As a blogger, there are certain posts you "plan" in your head before they happen.
Then there are other posts that you just never plan on writing.. and you have no idea how to start it, or how to end it or how even to SAY the thing because no words can do it justice and because it seems ridiculous that it's something you even need to say.
On February 27th, at 3:45 in the afternoon, surrounded by her family, my mom passed away.
I've said the words "my mom died" over and over again since that moment...sometimes they come out very factually. They're my new normal. Sometimes I just sit and repeat it silently in my head and it sounds so stupid. Did that all really happen? Two weeks ago today I was sitting at work and everything was fine..and 2 weeks later I'm sitting at work and nothing is fine.
To make a long story short, she was admitted 2 weeks ago with a bladder infection. Something that is relatively common for a person with a permanent catheter. She was actually at the same hospital for the same thing about a month ago. I got the call from my dad Tuesday that they were going back to the hospital, he thought it was another UTI, and I just said "okay" and went about my day. I didn't go to the hospital until Wednesday. The severity of the situation started to set in somewhere in those 24 hours. She was on a respirator this time, because the staff was nervous about her breathing/swallowing abilities.
We were asked if we thought about the possibility of her dying within the year. The answer was no. 3 years? 4 years? 5 years? I think we were prepared for that. Or so we said. That quickly devolved to 6 months..and when pressed by my brother, the doctor said realistically she may not make it more than a few hours after the tube was removed and if she did? We were still looking at a week or 2, max.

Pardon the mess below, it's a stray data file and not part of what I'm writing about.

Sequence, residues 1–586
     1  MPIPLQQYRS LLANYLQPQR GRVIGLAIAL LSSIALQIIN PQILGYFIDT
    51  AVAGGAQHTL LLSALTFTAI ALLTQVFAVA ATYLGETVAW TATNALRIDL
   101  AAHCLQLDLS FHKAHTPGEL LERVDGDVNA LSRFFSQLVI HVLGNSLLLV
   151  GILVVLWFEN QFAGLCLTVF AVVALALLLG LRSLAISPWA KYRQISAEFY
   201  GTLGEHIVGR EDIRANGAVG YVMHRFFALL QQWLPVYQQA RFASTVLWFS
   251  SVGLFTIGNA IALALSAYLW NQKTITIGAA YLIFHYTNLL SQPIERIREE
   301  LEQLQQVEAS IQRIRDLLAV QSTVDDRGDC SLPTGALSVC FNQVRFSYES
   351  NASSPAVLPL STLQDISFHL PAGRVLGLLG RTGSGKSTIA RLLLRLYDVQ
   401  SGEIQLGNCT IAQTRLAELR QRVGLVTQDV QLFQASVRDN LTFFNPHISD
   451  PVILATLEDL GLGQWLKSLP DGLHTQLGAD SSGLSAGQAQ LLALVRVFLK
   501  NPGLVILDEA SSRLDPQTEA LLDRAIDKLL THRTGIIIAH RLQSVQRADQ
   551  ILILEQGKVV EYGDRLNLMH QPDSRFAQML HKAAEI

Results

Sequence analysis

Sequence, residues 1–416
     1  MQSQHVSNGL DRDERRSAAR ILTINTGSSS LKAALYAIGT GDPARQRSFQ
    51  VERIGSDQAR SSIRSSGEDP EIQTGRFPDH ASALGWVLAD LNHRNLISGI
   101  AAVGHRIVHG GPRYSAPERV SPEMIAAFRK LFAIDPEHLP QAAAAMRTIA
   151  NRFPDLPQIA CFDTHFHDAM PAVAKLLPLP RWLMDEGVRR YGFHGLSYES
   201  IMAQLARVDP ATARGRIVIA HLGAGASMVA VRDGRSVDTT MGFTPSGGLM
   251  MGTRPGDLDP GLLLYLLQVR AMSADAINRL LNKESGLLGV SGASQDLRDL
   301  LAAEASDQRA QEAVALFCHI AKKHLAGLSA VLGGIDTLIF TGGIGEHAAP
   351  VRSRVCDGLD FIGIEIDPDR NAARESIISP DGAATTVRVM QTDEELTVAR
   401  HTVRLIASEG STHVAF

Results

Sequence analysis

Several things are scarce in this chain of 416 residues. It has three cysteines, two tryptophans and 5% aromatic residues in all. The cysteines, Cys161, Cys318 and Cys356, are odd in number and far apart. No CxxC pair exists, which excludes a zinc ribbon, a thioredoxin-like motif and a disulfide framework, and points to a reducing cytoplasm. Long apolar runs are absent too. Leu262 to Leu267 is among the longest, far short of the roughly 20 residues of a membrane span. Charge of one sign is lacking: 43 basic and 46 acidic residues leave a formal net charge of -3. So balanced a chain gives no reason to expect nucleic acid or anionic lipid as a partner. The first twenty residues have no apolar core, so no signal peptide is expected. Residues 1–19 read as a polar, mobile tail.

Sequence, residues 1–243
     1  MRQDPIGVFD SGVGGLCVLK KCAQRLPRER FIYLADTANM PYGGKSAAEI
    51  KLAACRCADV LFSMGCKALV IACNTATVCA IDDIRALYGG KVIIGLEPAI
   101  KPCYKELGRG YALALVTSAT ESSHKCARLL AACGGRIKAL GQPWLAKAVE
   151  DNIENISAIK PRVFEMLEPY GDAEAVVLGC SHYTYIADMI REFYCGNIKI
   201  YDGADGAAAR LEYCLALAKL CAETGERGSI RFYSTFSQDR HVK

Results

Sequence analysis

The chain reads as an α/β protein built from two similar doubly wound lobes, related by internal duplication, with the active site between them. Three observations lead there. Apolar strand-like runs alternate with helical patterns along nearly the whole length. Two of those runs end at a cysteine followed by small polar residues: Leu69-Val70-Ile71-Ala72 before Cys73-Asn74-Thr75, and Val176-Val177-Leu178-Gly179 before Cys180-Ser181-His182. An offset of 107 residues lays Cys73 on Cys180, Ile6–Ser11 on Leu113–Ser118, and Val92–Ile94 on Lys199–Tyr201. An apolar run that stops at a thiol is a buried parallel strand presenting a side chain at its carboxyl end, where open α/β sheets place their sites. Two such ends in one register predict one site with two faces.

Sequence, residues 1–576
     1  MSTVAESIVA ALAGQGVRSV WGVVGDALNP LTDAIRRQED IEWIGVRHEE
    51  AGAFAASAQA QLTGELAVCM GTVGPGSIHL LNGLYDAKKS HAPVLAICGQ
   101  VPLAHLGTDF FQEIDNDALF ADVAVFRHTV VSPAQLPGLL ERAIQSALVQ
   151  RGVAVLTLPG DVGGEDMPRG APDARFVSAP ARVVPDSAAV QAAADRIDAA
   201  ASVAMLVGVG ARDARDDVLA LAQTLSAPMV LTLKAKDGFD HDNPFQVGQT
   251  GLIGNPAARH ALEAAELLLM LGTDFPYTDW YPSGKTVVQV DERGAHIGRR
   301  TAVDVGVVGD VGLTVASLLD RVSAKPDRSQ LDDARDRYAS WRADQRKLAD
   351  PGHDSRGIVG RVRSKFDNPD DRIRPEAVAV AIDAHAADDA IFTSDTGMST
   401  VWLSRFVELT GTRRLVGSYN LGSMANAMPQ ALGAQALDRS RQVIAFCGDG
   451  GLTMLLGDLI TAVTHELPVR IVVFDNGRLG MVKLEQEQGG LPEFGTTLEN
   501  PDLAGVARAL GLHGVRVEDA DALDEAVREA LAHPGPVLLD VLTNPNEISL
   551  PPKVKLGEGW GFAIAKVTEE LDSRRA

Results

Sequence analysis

You go through some weird stages of acceptance and sadness when you have a mom with a degenerative terminal disease. You KNOW your whole life she will not live a full life, you spend time thinking about what the end will look like. It won't be the M.S. that does it, the M.S. will cause something else to fail. Still, you think you have an idea of how it will go.. my dad, my brother, myself.. we all had different ideas.
After being told this on Thursday, we lived at the hospital for the following week. We left a few times for a few hours, to shower, eat, grab some clothes.. but we otherwise had a routine at the hospital. I slept on the tiny convertible sofa (several nights with M, when he was there), my brother was on the floor, dad was on the recliner next to her bed. We'd wake up early with the sun, and the morning shift of nurses. Get coffee and breakfast in the café downstairs, speculate who would be by to visit that day. Spend time staring out the 10th floor window onto downtown St. Paul. Watch morning rush hour..and then evening rush hour. Grab dinner downstairs or order in. Settle in for the night, which was usually the best time of day. It was quiet, and calm.
I don't know what else to say about it right now.. it was the longest and shortest week of my life.
I'm sure I'll write more about some of this as I work through it all myself. Her services are tomorrow.
I'm not abandoning the blog.. I'm just not sure what my posting will look like the next few weeks. So, bear with me.
I'd be remiss if I didn't say thank you for all the love and support that my family has been extended. It's been overwhelming in the best way possible. I had this idea in my head that people want to be "left alone" when things like this happen, and I've discovered that is almost universally NOT the case. A quick text, an offer of food.. they mean everything. So, thank you.